From: Reading Borough Council <firstname.lastname@example.org>
Date: Fri, Jan 3, 2014 at 10:15 AM
Subject: Fresh Reading Abbey Funding Bid Imminent
Fresh Reading Abbey Funding Bid Imminent
Reading Borough Council Press Release
PEOPLE are being asked back a fresh bid to help conserve Reading’s historic Abbey Quarter, as the Council prepares to bid again for Heritage Lottery Fund (HLF) money next month.
Reading Borough Council is in the process of pulling together proposals for the conservation and promotion of the town’s Abbey heritage – a unique site of both local and national importance, and a key destination for residents and visitors of Reading.
An online survey has been published today (Jan 3) which residents and visitors are being encouraged to complete over the coming weeks. The survey can be found at http://www.reading.gov.uk/abbeyquarter and asks people how significant they think the Abbey is in heritage terms, whether they support the Council’s HLF bid to conserve the Abbey Ruins and Abbey Gate, and if they have any suggestions that would help the Council’s bid for funding.
People have until January 31st to submit their completed survey forms. Copies will also be sent to residents and groups who have expressed an interest in the Abbey Quarter in the past.
Paul Gittings, Reading Borough Council’s Lead Member for Culture, said:
“The Abbey Quarter is a historic jewel in Reading’s crown and the Council has a long standing ambition, not only to conserve it for future generations to enjoy, but to promote it for residents and visitors to the town.
“There was obviously disappointment that previous attempts to gain funding haven’t been successful, but we are determined to put forward a bid in February which takes on board all of the feedback received from previous bids. The survey results will be an important part of that process and I would ask as many people as possible to please take a few minutes of their time to make their views known. People’s views will be used to tailor the bid before it is submitted next month.”
At this stage the Council’s new application to HLF will focus on the Abbey Ruins and Abbey Gate, site-wide interpretation, pedestrian signage and a programme of events and activities. The project aims will encourage a wide range of people to visit and engage with the Abbey’s heritage through consultation, activities and evaluation.
Working with English Heritage, Reading Borough Council has already completed comprehensive condition surveys and investigations of the Abbey Ruins and Abbey Gate, which are both grade I Listed Buildings and Scheduled Ancient Monuments. The condition surveys have established a detailed schedule of repairs and a cost plan that will be included in the Council’s Lottery funding bid.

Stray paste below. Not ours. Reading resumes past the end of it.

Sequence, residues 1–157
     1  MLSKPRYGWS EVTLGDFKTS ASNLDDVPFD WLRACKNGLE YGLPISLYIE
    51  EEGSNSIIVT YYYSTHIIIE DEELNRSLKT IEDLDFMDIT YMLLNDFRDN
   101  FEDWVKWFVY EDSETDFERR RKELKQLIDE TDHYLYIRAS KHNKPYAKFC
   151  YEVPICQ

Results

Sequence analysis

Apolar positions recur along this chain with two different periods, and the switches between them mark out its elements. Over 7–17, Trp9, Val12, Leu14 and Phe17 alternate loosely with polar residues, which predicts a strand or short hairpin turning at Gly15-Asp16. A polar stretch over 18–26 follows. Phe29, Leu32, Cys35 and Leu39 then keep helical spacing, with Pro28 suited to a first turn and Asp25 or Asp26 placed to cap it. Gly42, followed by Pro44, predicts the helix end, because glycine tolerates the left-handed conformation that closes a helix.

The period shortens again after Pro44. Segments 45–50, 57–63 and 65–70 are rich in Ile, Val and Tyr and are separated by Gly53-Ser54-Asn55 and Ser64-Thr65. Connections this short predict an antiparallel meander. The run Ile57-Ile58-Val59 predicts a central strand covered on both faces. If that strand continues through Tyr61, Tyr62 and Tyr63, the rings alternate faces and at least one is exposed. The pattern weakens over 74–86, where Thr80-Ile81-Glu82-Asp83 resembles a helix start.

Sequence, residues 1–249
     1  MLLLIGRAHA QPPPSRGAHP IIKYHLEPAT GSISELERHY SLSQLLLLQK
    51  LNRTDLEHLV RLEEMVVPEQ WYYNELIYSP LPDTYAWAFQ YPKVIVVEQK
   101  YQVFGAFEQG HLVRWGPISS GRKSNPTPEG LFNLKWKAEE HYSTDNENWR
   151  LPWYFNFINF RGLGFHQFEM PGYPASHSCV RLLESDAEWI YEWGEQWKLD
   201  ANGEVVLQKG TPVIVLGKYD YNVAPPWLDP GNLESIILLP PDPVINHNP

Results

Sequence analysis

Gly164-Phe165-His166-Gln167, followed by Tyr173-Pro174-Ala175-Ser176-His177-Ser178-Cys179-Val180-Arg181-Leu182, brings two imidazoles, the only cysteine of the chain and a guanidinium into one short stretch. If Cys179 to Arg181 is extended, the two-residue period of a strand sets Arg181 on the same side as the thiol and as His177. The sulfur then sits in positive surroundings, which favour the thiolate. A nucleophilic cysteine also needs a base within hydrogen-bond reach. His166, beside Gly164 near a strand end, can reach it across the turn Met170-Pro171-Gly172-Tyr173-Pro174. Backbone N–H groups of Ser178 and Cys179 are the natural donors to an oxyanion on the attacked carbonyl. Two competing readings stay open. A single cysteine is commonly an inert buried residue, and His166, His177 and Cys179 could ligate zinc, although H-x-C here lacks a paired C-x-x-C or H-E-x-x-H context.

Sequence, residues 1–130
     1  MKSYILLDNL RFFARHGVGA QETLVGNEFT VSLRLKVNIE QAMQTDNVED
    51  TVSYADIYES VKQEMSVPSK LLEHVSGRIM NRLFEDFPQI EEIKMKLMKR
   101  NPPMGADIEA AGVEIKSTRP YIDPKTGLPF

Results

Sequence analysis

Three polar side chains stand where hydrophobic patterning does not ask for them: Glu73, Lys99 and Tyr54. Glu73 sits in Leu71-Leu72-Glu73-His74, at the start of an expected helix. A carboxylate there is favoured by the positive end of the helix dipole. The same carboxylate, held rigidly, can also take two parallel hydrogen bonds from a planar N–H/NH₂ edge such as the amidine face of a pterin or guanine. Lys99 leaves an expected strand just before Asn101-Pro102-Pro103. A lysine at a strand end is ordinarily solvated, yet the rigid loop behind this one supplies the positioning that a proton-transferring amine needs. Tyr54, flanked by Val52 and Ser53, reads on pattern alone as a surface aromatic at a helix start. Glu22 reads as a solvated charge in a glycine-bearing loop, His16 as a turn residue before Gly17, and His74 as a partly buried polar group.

You can find more information about the Abbey Quarter Project by following this link to the Reading Museum Website: http://www.readingmuseum.org.uk/get-involved/projects-consultation/abbey-quarter/
Notes for Editors:
Reading's Abbey Quarter has been the traditional civic and ceremonial heart of the county town of Royal Berkshire since the 12th century. The Quarter is defined by the medieval streets and rivers that outline the precinct of Reading Abbey. This area contains the substantial standing remains and buried archaeology of Reading Abbey, telling its story from the foundation by Henry I in 1121 to its dissolution by Henry VIII in 1539.
The Quarter shows evidence of all periods since the Abbey's dissolution: a royal residence, civil war defences, Jane Austen's school, the impressive municipal buildings, Victorian public gardens and Oscar Wilde's infamous Reading Gaol. There are buildings by famous architects including Sir John Soane, A.W.N. Pugin, Alfred Waterhouse and Sir George Gilbert Scott. Significant public sculpture within the Quarter includes Simond's Maiwand Lion and statue of Queen Victoria, and contemporary artworks such as the Oscar Wilde Memorial Walk.
Reading Museum is also located within the Quarter and has important collections relating to the heritage of Reading and the Quarter, particularly Reading Abbey and later Victorian industrial heritage.
The current Abbey precinct area has piecemeal protection under several local and national designations and policies. Key parts of the site are a Scheduled Ancient Monument, and as such are protected under the provisions of the Ancient Monuments and Archaeological Areas Act 1979; the Abbey Ruins and the Abbey Gate are also Grade I listed.
Reading Borough Council Press Releases can be found online at http://www.reading.gov.uk/news/pressreleases/
Media Contact: Oscar Mortali
Tel: 0118 937 2301